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#WENGEROUT Actually... This Is Not A Joke

wenger 3Early Friday morning, soccer fans awoke to the news that Arsene Wenger, long-time manager of  English Premier League club Arsenal FC, had announced that he will step down from his post at the end of the season. WOW. I honestly couldn’t believe my eyes. As much as this shouldn’t be a surprise, it is.

“After careful consideration and following discussions with the club, I feel it is the right time for me to step down at the end of the season. I am grateful for having had the privilege to serve the club for so many memorable years,” he said. I still can’t believe what I’m reading. Love him or hate him, the Frenchman did so much for Arsenal, and will walk as the greatest-ever manager in club history.

The Frenchman was largely credited with revolutionizing English football, despite being unknown in England when he was appointed in 1996. Wenger led the club to a domestic double in 1998, the first of three league titles and seven FA Cups he has delivered over his 22 years at the helm. He will largely be remembered for managing the 2003-2004 Arsenal team nicknamed “The Invincibles” after it went through the season undefeated with 26 wins and 12 draws. He also played a pivotal role in moving the club from Highbury to it’s current grounds at Emirates Stadium. Arsene Wenger has been synonymous with Arsenal.

The thing is, for a club as big as Arsenal, fourteen years without a Premier League title isn’t good enough – fans around the world were overly disgruntled. It was a recent run of doing “well-enough,” but with constantly settling on what would regularly be a 4th place league finish. That’s by no means bad, it’s pretty incredible to have that level of consistency in the fluctuating world of sports, it’s just not good enough for a club with Arsenal’s size of purse-strings.

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Still, even with years and years of #WengerOut cries, signs, and pleading from fans, absolutely nothing happened. In fact, Wenger was regularly rewarded with mind-boggling contract extensions (finishing out of the top 4 last season, yet won FA Cup = 2 year extension). In a sport where managers are sacked on the spot when the wind blows the wrong way, somehow Wenger was untouchable. Gooners wanted a trophy. They wanted the league. And even when they were upset with a perennial 4th place finish, if only they knew how much worse it could get. Welcome to 2018, where things reached a tipping point this season – was it when Arsenal failed to make Champions League for the first time in 19 seasons? When they lost to Nottingham Forest to drop out of FA Cup in the 3rd round – the only trophy the Gunners seemed capable of winning – or even casual weekend blows to Brighton & Hove, Ostersunds FC, Bournemouth, nestling into 6th place in the EPL (with Burnley a close clip behind), losing Alexis Sanchez, or failing to secure any away wins in 2018, etc., etc.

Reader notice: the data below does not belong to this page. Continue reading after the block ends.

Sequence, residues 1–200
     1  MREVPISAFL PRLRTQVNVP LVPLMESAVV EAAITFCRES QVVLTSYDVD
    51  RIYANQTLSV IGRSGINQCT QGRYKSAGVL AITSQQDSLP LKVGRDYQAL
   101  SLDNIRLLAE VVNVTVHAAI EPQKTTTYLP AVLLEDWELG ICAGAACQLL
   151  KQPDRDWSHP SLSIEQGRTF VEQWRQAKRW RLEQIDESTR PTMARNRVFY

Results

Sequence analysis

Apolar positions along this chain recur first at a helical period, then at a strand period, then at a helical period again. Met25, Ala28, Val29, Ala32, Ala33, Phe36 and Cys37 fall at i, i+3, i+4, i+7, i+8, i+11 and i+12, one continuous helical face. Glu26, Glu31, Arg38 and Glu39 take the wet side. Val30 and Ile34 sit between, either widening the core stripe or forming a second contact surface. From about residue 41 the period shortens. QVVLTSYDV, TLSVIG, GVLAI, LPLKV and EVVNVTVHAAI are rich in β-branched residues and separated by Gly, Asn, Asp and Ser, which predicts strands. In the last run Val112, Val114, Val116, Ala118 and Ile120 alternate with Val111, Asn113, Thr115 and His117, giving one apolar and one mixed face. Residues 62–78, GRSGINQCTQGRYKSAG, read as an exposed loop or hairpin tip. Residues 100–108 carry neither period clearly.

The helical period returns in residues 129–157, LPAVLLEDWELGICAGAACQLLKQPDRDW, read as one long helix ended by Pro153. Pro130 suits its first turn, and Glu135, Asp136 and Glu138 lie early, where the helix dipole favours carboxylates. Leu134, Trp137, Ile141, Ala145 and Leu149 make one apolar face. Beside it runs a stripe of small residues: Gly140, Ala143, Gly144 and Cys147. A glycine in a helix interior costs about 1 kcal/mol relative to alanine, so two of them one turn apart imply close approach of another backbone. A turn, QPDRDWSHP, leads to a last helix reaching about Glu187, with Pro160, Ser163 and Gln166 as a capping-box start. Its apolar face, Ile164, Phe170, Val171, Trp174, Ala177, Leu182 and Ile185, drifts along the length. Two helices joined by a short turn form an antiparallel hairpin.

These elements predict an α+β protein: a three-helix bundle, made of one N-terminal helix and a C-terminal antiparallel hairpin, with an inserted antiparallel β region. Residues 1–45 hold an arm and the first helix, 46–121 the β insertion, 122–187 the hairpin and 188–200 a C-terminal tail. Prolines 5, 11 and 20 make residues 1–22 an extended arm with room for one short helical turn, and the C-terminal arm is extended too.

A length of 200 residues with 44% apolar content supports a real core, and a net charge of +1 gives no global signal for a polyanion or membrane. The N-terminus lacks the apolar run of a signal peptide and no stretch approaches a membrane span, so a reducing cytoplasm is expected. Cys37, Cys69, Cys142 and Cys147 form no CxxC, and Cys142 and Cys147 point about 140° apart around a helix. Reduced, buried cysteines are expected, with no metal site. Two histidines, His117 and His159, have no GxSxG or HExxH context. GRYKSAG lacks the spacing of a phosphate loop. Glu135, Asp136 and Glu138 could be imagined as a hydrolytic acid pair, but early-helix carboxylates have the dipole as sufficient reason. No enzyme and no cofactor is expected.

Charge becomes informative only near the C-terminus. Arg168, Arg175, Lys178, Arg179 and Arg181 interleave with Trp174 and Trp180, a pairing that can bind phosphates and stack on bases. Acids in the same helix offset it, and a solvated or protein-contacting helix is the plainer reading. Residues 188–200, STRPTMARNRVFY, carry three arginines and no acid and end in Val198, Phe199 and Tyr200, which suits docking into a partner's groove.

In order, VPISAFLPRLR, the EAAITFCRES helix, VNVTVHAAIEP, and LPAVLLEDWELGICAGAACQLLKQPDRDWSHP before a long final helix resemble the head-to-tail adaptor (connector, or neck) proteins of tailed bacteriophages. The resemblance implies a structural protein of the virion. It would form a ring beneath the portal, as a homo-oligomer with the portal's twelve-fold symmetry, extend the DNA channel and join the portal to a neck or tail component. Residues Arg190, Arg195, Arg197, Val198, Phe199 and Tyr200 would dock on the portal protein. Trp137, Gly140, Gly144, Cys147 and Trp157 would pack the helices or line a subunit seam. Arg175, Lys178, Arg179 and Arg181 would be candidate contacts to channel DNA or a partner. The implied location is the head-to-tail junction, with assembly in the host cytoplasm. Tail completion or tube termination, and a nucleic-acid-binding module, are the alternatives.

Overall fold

The season isn’t over yet, and Arsenal is remarkably in the semi-final of the Europa League taking on Atletico Madrid, with the potential of securing a Champions League berth if they win the tournament. Imagine that, Arsene Wenger sailing off into the sunset getting Arsenal back into the Champions League saying “this is what you fuckers wanted right?!”

As an Arsenal supporter, I feel bittersweet. Here’s this icon who has done so much for the club, fans, English football, but who hasn’t been good for a while, who has the club currently in a dire position, but my mind tracks back to – is he still better than what’s out there? Remember when Sir Alex Ferguson retired and David Moyes took over and the dumpster fire that ensued? What if that happens with Arsenal? Maybe the saying will be right – that the devil you know is better than the devil you don’t… Unless…

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Patrick Vieira. Arsenal Legend. France National Team Legend. Current coach of NYCFC in MLS. He’s been coaching David Villa, Frank Lampard, Andrea Pirlo, not to mention young players like Jack Harrison, Yangel Herrera, Jonathan Lewis. He’s in Manchester City’s system, and spent time with the mothership in England learning and working with one of the best managers out there, who just won the Premier League – Pep Guardiola. He can show he can win, win at Yankee Stadium, deal with travel, egos, media (me stalking him), and playoff system (meh could use some work in that area). He would be perfect. Is he the right choice right now? Not sure, I almost don’t want to ruin Vieira with the crazy expectations of replacing Wenger right away, but there’s not a much better time to come in with low pressure on your shoulders than when a worrisome clash with Burnley is on the horizon.

Arsene Wenger will be remembered for so much that he did – and recently, didn’t do – with the club. It’s a bittersweet ending, and one that will certainly be celebrated in the coming matches as we say goodbye to a storied past and hello to an uncertain future.

The only people more sad about the news of Wenger’s departure are Spurs fans, which is certainly a happy ending.